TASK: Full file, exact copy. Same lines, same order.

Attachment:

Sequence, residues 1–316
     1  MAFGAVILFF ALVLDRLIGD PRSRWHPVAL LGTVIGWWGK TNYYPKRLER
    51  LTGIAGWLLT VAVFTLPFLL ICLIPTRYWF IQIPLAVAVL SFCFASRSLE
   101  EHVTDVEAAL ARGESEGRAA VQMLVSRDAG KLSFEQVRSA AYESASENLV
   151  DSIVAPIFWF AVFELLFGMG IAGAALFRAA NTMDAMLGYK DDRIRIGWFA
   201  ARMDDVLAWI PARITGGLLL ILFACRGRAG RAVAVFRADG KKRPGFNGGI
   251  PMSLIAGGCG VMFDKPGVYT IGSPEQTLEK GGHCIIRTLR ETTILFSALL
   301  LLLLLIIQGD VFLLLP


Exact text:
Sequence, residues 1–316
     1  MAFGAVILFF ALVLDRLIGD PRSRWHPVAL LGTVIGWWGK TNYYPKRLER
    51  LTGIAGWLLT VAVFTLPFLL ICLIPTRYWF IQIPLAVAVL SFCFASRSLE
   101  EHVTDVEAAL ARGESEGRAA VQMLVSRDAG KLSFEQVRSA AYESASENLV
   151  DSIVAPIFWF AVFELLFGMG IAGAALFRAA NTMDAMLGYK DDRIRIGWFA
   201  ARMDDVLAWI PARITGGLLL ILFACRGRAG RAVAVFRADG KKRPGFNGGI
   251  PMSLIAGGCG VMFDKPGVYT IGSPEQTLEK GGHCIIRTLR ETTILFSALL
   301  LLLLLIIQGD VFLLLP